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4 Signs You Shouldn’t Build That App

by Q ManningCEO of Rocksauce Studios

developer data architectEveryone has an idea for the next big app. Just the other day, a friend pitched me a dating app that would give men geolocation details about all of the women in a bar, allowing them to strike up more natural conversations. For a man, that would be fantastic, but what woman would upload her personal info and location to be viewed by every random stranger in the city?

That’s the exact opposite of what women want! Thus, his app would never succeed.

For an app to really take off, it needs to be a solid, feasible concept with great marketing behind it. All the resources in the world won’t guarantee a hit. An app must solve a real problem and make people’s lives easier. It’s difficult to know whether your app would rock the world, but here are four telltale signs of an impending dud:

1. You Don’t Understand Your Audience.

After the success of Angry Birds, Rovio Entertainment spent millions promoting Angry Birds Stella, a female-focused version of the game. Despite the immense marketing power and money behind Rovio’s efforts, the game was a complete flop. Why? For starters, Angry Birds wasn’t inherently masculine to begin with — few casual games are gender-specific.

The company also assumed that female gamers wanted something different than their male counterparts, so it broke the conventions that made the Angry Birds franchise so popular in the first place. Millions of users are still clamoring for more Angry Birds, but few even recognize Stella.

2. You Don’t Have the Content.

When Bill Nguyen started his Color app, he was able to raise $41 million in funding for an app that promised to “change the world.” The app geotagged photos to provide a real-time glimpse into what’s going on right now all over the world. It’s a really cool idea. The problem was that the app had no content at launch. People downloaded the app, saw a few nearby photos, and collectively shrugged.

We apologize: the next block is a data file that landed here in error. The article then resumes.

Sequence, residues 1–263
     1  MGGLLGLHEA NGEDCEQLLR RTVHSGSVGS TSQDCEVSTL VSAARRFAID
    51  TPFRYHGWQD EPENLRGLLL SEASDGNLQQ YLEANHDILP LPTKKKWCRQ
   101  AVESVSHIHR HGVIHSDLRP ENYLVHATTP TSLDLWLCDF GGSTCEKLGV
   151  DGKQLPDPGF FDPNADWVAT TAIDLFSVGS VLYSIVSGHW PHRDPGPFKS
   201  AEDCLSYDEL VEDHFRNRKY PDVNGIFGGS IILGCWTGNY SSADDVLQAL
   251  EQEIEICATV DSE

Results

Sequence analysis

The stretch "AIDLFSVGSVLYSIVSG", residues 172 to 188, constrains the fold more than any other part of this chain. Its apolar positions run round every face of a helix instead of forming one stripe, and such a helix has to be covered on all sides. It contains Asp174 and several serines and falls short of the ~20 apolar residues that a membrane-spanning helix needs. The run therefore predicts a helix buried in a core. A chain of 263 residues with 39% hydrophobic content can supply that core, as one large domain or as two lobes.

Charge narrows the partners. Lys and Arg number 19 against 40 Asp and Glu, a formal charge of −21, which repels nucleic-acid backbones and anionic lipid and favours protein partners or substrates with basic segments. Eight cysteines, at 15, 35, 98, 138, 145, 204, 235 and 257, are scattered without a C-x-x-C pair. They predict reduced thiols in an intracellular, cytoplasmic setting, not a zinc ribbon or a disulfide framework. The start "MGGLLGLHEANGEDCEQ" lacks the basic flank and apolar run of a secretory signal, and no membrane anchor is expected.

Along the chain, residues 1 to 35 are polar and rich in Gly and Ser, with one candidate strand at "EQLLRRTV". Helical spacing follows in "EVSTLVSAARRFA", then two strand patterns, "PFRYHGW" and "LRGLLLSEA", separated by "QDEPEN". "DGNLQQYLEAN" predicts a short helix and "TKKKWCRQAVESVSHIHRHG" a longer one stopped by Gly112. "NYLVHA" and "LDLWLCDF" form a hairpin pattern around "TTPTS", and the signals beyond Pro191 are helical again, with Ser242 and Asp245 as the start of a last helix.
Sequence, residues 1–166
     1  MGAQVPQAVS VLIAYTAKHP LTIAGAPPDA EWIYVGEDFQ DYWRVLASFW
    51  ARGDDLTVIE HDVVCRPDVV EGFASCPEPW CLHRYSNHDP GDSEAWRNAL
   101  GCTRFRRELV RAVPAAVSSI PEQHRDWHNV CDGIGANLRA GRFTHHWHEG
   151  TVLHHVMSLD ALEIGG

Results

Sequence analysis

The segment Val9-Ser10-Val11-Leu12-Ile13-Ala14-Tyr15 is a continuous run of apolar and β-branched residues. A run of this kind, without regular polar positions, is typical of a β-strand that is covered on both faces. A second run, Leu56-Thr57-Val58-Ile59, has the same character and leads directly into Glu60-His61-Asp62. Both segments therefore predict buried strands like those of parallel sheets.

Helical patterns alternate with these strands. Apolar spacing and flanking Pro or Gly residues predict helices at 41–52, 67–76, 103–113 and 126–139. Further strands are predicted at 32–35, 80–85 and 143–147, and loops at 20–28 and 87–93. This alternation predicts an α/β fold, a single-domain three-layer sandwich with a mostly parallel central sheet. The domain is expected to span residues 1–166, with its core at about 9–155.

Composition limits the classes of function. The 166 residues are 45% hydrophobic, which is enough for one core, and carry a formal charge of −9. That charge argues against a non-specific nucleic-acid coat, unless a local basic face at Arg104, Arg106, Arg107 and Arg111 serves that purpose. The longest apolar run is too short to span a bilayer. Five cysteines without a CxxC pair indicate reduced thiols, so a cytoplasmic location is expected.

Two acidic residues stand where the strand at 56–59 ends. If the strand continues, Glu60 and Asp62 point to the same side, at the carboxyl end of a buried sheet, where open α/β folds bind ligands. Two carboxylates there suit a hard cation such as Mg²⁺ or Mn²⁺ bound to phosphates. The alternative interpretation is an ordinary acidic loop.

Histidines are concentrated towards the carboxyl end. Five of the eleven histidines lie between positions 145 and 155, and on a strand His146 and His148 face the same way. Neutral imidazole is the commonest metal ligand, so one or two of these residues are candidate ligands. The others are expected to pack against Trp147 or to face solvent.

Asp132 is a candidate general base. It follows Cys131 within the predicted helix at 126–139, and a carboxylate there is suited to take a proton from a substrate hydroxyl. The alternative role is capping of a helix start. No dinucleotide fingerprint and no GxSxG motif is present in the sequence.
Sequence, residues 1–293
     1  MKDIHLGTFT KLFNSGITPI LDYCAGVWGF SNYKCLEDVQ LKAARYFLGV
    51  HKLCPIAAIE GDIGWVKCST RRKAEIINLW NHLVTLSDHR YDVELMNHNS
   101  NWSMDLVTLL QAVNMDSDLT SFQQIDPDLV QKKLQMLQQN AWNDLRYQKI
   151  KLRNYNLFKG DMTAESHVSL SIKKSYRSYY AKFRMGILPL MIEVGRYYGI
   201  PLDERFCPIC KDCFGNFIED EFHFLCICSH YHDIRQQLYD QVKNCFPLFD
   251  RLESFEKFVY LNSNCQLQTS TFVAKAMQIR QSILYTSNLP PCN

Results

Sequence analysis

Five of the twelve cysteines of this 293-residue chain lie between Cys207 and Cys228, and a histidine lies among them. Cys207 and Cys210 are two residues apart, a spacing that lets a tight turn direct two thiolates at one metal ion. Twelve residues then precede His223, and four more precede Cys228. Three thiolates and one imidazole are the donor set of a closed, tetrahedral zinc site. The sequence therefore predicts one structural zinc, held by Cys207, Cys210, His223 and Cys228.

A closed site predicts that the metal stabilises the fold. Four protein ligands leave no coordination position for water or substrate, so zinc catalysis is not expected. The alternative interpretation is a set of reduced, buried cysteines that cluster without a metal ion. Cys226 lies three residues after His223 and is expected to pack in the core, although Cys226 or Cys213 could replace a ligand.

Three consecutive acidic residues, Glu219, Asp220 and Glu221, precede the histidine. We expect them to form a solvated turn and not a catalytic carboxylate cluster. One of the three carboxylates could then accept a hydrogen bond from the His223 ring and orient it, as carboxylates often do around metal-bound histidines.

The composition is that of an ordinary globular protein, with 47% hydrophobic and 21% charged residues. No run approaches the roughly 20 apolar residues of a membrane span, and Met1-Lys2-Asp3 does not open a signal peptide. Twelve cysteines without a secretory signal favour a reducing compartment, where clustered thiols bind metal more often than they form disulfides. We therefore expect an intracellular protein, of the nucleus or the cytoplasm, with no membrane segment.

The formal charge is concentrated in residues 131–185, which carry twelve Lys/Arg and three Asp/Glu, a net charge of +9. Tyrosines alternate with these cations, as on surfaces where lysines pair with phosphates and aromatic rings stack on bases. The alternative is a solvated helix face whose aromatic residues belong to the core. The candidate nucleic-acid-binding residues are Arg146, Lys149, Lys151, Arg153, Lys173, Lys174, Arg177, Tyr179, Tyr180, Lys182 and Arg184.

Rather than a standalone app, Color should have been an add-on feature for an existing application program interface, such as Foursquare, Yelp, or Google Maps. With an onslaught of cool day-one features, it could have been a hit.

3. You Won’t Be Filling a Real Need.

There are tons of apps based on the idea of getting customers into bars. I can’t even count how many times I’ve heard, “Bars need customers. Our app will show users empty bars and allow bar owners to offer discounted drinks and food specials.” These apps miss the entire point of happy hour. While people do enjoy discounts, they’d much rather socialize in a local hotspot than at an empty bar.

Patrons wouldn’t use these bar apps, and bars that are already doing well have no need for this type of product, either. Develop one of these, and you’ll be forced to promote a single app to two entirely distinct audiences — and neither of them will be the slightest bit interested.

4. Your App Already Exists.

Twitter tried its hand at the music business with its #hashtagmusic campaign, but the company misinterpreted why people use Twitter. With so many established music services like Pandora, SoundCloud, and Spotify to choose from, nobody’s looking for another one — especially not from a company that’s not even involved in the music industry. Facebook faced a similar issue with Rooms.

While its Rooms app may have sounded like a great way to let users create spaces where special topics could be explored, its convoluted interface required far too much upkeep. It was nice of Facebook to finally allow people to hide their identities within an app, but many services already existed to provide the same capability, and people weren’t using Facebook in the manner the company had hoped when Rooms was created.

Getting started down the right path with app development can be challenging. With so many available options, carving a niche in the marketplace takes a lot of time, marketing, and experience. There’s no proven formula for developing a winner, but there are a few obvious signs that you’re on the verge of creating a loser.

Learn from the experiences of the companies above. If your app is exhibiting any of these warning signs, it’s time to scrap it and go back to the drawing board with your ideal user in mind.

 

Q Manning

Q Manning is CEO of Rocksauce Studios, which crafts custom mobile apps for all platforms. Rocksauce Studios’ goal is to create an amazing user experience that can succeed in the marketplace when coupled with powerful, eye-catching app marketing.

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